Chris Hedges Interview

I read a fantastic interview yesterday from Sun Magazine. Probably one of the most insightful interviews I have ever read, by a guy I have come across several times in my life, and who continues to garner more and more respect from me. The son of a pastor and a journalist, Chris Hedges talks on a variety of topics including war, faith, the Christian Right, and the New Atheists. Take the time to read this. It truly is superb. Here’s one short passage to whet your appetite:

“It’s easier to be a pacifist in the U.S. It’s only when the structure of a society breaks down that you find out what you are really made of. . . . When we lead lives of opulence and safety, we have only illusions of who we are.”

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3 Responses to Chris Hedges Interview

  1. jpannkuk says:

    Thanks for the link – Interesting interview. However, I take issue with his claim pacifism is rooted in people’s lives of opulence in safety (although this is probably true more often than not). It is interesting that he sites Orwell several times in the interview, because Orwell said similar things: “Pacifism is objectively pro-Fascist. This is elementary common sense . . . If Mr. Savage [D.S. Savage, a poet and pacifist] and others imagine that one can somehow ‘overcome’ the German army by lying on one’s bak, let them go on imagining it, but let them also wonder occasionally whether this is not an illusion due to security, too much money and a simple ignorance of the way things actually happen . . . ” (226-227, Reflections on Ghandi in the Orwell Reader)

    What lies at the heart of these objections to pacifism is the idea that pacifism is immoral due to its ineffectiveness in the face of brutal violence of the strong upon the weak. But as others have pointed out – if you place Jesus’ ministry in terms of is effectiveness against oppressive regimes, Jesus’ ministry utterly failed. Utterly failed. Jesus could have righted every wrong immediately and could have alleviated all suffering from the world. But he chose not to, and rather took the path of the one who would epitomize the sufferer who joins his people in suffering, and we are called to follow. If I remember correctly, John was the only disciple who didn’t lose faith in Jesus after he had taken all violence upon himself (rather than calling the legions to help him overthrow the oppressive regime – which he readily admits he could have in the Gasthemanie narratives) on the cross. Perhaps the Christian isn’t called to effectiveness because it is not the job of the Christian to shape or salvage the course of history – Jesus is the Lord of history, right? The Christian – as a member of the Body of Christ (Christ’s physical presence in the world) – is called to faithfulness to Jesus’ Way because it will lead to resurrection just as Jesus’ life did. So in light of this, for me, the Christian is called to nonviolence without a question, for we ‘return no evil for evil’ and ‘overcome evil with good’ (Rom 12 is amazing).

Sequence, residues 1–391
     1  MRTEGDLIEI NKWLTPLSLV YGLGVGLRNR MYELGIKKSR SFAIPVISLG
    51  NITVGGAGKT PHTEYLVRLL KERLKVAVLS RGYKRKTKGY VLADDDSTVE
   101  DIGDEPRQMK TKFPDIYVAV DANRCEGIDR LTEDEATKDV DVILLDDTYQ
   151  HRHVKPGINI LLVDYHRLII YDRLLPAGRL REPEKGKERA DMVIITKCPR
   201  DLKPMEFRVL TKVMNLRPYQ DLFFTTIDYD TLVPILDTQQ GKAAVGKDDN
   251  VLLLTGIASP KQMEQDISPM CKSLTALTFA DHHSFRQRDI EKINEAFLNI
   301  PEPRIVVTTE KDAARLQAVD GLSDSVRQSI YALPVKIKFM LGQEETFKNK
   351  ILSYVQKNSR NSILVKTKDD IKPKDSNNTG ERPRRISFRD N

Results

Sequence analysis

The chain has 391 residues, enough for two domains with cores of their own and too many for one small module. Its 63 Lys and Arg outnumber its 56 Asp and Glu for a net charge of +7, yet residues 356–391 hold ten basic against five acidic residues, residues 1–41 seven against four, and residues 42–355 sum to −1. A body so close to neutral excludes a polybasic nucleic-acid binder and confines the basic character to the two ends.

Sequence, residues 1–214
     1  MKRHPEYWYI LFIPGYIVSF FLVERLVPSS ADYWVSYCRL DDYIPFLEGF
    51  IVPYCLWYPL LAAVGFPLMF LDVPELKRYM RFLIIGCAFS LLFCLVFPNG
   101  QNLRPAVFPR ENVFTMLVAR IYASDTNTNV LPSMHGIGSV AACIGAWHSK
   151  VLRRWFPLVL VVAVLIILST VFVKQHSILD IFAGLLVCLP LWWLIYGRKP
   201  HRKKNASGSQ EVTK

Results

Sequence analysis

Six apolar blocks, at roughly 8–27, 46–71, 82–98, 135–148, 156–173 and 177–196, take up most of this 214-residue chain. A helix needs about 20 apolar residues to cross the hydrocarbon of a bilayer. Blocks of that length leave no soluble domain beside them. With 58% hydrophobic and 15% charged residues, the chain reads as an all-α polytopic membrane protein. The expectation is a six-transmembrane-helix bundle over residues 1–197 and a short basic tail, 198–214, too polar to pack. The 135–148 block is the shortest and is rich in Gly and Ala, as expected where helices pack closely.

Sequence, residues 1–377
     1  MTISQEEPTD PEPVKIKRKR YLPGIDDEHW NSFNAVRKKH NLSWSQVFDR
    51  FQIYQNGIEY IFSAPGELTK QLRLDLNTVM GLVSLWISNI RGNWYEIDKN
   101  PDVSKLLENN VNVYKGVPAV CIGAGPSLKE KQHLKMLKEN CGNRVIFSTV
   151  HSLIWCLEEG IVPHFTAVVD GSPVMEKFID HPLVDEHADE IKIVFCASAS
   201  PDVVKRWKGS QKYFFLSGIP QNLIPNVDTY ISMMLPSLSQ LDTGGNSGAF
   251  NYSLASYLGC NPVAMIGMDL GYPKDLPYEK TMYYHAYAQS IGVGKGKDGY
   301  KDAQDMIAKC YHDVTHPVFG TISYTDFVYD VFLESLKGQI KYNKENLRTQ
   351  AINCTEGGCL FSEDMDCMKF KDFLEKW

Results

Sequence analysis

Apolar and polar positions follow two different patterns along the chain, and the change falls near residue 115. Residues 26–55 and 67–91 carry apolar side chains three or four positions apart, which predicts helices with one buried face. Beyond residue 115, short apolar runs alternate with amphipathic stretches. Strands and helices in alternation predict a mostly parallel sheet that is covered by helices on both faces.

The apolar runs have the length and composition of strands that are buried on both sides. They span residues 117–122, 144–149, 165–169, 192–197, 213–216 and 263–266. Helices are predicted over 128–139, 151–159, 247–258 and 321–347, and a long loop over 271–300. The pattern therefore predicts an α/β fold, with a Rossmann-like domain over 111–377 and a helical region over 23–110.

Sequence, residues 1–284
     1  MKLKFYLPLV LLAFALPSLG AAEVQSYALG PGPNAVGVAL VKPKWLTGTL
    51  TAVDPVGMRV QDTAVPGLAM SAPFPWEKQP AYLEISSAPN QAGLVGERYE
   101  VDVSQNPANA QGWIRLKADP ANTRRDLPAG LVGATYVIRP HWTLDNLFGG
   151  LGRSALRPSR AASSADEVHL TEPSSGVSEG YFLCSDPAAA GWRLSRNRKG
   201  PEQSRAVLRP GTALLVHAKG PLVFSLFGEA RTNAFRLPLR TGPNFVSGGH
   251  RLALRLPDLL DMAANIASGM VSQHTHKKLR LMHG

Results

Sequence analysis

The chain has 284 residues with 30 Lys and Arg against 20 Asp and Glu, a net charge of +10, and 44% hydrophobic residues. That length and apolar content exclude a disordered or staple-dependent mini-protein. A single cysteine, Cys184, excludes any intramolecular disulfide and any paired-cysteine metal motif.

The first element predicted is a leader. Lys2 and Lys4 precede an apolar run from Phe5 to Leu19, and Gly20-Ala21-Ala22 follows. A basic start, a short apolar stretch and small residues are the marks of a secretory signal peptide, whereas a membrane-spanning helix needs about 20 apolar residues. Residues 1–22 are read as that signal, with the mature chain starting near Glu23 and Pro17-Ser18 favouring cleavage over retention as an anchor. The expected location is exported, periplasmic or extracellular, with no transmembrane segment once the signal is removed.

This certainly is way easier to hold on to in a safe society, but shouldn’t Christians be ultimately faithful to the Gospel, refusing to be conformed to the patters of this age/world even in the most dangerous of situations?

    Sorry for the rants, but I have been thinking about this a lot lately (Xian Pacifism class!) and his quote and reference to Orwell were too tempting not to respond to.

  2. mk says:

    Hedges is sharp. _Finding Moses on the Freeway_ was good. Never read but always liked the title of _War is a force that gives us meaning_. . . Too bad we didn’t listen to Hedges back when–check out the 3rd paragraph in this bio: . . . JP, good word. My people, way, way back (16th c.!), were pacifists when it wasn’t safe or easy. I agree we are called to faithfulness, not effectiveness. At least not effectiveness from a human perspective. 🙂

  3. mk says:

    oh, and Hedges quotes Niebuhr, fantastic.

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